- How is it even worse than that for your particular target market? And custom machine shops are undoubtedly at the highest end of that spectrum. Machine shops rarely have the luxury of staying in one setup for any length of time. The nature of a custom business is small runs that don’t often repeat.
- What kind of hope is there for solving this problem?
But, a number of custom machine shops are turning these statistics around using tooling that’s designed for quick set ups. This tooling costs the same as traditional tooling, the only catch is that you will need to do a little up front work with your tooling supplier.
Now, I do not sell tooling. But if I did, I could use this information in my marketing to get existing customers and prospects to respond and fairly quickly ask for help designing tooling that will reduce their setups. Will everyone? No, of course not. But the best ones will (the ones that really relate to the problem) and they are much more likely to turn into a sale.
The response you’re after could be to get them to download a report on using tooling to reduce step up times or to sign up for a webinar or to sign up for a consultation with you (depends on your sales process and what you’re selling).
We are closing over 79% of the people who contact us from this type of mafia marketing. That means 79 sales out of 100 instead of 4. And selling Velocity Scheduling System, Velocity Pricing System, and Mafia Offer Boot Camp is not only a technical sale, it’s a counter intuitive one. So before you go dismissing this technique, convinced it won’t work for you – I suggest you give it a try.
If YOU generated your marketing materials or wrote your newsletter and articles with the objective of getting prospects to ask for help – would you get a few more quality leads?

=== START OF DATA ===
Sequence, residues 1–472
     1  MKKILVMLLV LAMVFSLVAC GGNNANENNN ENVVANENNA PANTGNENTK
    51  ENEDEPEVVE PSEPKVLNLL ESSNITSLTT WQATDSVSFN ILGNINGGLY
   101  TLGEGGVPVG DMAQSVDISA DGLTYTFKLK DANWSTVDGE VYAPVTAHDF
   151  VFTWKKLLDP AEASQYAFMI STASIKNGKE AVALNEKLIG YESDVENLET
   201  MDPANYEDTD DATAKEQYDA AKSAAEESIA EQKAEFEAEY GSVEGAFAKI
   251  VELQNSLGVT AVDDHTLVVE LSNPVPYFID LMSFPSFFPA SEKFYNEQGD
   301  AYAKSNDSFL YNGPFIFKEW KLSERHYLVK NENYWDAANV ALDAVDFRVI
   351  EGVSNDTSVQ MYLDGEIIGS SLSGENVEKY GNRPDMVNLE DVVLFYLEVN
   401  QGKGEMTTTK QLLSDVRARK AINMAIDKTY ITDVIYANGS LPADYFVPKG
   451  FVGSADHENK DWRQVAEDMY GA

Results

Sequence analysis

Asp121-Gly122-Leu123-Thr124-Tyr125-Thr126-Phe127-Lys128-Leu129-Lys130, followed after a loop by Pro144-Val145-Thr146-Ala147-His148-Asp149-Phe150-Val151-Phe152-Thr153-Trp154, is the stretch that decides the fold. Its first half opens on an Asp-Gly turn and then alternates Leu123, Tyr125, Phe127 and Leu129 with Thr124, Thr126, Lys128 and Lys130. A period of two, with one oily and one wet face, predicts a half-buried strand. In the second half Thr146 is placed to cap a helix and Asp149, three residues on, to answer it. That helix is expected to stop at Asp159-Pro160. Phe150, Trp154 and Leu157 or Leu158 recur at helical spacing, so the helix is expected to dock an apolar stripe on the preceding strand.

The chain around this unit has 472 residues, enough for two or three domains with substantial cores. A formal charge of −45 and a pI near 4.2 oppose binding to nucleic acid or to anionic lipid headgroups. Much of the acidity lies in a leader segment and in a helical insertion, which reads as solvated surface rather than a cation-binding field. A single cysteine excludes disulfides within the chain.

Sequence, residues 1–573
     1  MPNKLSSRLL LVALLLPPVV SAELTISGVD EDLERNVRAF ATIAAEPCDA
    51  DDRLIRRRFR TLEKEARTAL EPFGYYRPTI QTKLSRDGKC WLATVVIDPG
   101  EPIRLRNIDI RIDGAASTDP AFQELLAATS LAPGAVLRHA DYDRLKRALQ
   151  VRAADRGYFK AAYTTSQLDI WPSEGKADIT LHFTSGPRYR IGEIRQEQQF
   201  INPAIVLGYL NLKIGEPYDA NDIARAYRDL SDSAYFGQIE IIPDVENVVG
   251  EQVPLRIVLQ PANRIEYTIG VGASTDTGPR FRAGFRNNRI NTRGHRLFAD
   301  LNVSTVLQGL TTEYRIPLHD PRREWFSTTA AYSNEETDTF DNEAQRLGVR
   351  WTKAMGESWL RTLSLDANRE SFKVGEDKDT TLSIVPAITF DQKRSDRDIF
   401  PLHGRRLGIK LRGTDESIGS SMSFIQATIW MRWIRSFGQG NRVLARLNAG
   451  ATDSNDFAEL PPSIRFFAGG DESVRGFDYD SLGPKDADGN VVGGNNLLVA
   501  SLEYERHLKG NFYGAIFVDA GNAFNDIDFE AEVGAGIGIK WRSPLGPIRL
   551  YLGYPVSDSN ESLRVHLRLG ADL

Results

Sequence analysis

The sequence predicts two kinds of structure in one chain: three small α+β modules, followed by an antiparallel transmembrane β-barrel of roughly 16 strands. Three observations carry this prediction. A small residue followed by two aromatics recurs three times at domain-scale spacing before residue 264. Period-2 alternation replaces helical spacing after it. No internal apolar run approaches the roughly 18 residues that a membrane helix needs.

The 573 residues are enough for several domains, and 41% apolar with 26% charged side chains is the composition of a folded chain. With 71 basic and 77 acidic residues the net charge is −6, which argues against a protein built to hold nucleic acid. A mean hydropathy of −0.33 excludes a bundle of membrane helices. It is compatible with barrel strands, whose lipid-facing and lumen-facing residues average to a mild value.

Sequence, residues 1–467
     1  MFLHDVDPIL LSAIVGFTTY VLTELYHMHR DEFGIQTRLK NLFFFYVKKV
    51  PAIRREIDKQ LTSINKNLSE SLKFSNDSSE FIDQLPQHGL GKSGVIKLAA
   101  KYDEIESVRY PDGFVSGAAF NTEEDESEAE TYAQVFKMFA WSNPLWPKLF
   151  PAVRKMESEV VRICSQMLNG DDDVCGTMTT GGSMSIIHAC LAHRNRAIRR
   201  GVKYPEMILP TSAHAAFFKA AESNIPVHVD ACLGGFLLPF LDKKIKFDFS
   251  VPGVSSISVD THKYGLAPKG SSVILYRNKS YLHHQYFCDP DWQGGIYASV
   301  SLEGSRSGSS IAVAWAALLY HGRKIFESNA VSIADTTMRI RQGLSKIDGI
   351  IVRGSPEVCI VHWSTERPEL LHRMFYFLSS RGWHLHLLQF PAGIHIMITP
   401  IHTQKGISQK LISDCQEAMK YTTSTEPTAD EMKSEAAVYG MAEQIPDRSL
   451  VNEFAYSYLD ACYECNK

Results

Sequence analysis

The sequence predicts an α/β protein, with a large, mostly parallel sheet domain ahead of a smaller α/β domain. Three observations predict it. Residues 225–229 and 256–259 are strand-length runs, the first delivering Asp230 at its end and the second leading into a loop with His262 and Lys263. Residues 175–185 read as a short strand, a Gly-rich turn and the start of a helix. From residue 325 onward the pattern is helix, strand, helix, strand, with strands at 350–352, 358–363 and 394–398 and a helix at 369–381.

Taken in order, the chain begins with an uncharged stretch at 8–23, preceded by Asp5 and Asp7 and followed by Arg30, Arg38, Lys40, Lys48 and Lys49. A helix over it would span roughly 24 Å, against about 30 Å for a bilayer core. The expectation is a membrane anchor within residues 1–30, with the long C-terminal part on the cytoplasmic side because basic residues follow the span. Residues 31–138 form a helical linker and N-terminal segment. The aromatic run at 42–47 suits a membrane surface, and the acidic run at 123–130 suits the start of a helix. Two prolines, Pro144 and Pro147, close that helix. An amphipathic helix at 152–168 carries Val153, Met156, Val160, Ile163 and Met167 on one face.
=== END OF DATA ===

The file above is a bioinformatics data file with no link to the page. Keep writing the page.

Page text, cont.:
If you wanted help applying this concept to your business — getting more customers and prospects to contact YOU – wouldn’t you contact me? ?
Wishing you success,
Great article please keep it up. I put together a course on TOC at my last company. It was a hit with all the employees.
The promotion method you are describing is pretty much what we do today at Argent. However, I never really looked at it like you described it. The products we produce are simply the end result of the service we provide. On the outside, most people would see Argent as a job shop, which in fact we are and aren't at the same time. We deem ourselves "solution providers" and not a Die Cutter. Even though a custom designed die cut part is the solution to most of our customers problems.
Our customers call us for help all the time and we're damn good at it. As a matter of fact, we can be downright firefighters at times, which makes us quite reactive and less proactive. With that said … what I'd always envisioned, but never fully absorbed; was how to use proactive thinking to produce better reactive selling results.
Everyone wants to be proactive, and that's a good thing … I just want to use a proactive approach to be better at being reactive.
Does this make any sense at all ?
Makes perfect sense. You want prospects/customers to ask for help and then you want to be prepared when they do. Because if they ask for help and you can’t be responsive, you’ve just wasted some of your marketing efforts.
Thanks for sharing,